Manchester by the Sea takes 137 minutes to tell an achingly simple story. Actors take long pauses on-screen to imply depth, but it just tests the viewers patience. Kenneth Longoan’s screenplay is structured in such a rambling style that the story becomes maudlin and overly self-important. Despite some interesting moments and an intriguing lead character, this film languishes and then dies before our eyes.
Set in the harsh winter of upper Massachusetts, Lee Chandler (Casey Affleck) has returned to his home town to find that his brother Joe (Kyle Chandler) has passed away from a heart condition. To Lee’s surprise he’s informed that he is the legal guardian of his nephew Patrick (Lucas Hedges). The teenage boy welcomes his uncle’s presence in his life not knowing that Lee plans to move them back to Boston. This sets up the film’s central conflict between Lee and Patrick. So, the two struggle to find a way to deal with death, relocation, and past secrets that abound. Patrick’s mother (Gretchen Moll) attempts to pursued him to come stay with her and her new husband, but her son’s reappearance causes her to go back to her addiction fueled ways. Effectively closing their relationship for good. Michelle Williams is cast as Lee’s ex-wife, who is now pregnant and starting a new family.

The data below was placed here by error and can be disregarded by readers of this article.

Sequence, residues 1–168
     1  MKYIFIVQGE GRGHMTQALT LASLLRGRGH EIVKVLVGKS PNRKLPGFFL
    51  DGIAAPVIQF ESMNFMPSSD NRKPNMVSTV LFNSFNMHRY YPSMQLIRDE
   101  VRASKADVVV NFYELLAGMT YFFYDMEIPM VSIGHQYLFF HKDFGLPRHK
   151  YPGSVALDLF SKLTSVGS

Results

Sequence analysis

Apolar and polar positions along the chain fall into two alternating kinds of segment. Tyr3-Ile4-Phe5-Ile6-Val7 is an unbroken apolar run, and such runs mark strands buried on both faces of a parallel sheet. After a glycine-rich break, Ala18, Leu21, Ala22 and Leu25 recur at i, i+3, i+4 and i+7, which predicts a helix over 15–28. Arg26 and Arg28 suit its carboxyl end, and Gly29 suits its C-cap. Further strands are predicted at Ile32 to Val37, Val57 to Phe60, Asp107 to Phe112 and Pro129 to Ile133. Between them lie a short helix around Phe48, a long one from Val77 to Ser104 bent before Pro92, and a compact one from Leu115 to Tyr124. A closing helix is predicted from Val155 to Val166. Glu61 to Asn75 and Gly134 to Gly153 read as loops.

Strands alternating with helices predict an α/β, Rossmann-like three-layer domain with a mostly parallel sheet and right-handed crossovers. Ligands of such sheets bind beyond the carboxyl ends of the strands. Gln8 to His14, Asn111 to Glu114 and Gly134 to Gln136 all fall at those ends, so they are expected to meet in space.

Early word from awards season pundits has this heavy drama as a favorite in the big categories. Perhaps that positive buzz led me to expect something substantial from this meandering, introspective family tale. Casey Affleck is solid in the lead role. He’s one of the screens’ great brooders, but his measured approach to most scenes becomes numbing by the end. For all the critical grandstanding Manchester by the Sea is much ado about very little.
Director: Kenneth Lonergan
Stars: Casey Affleck, Michelle Williams, Kyle Chandler
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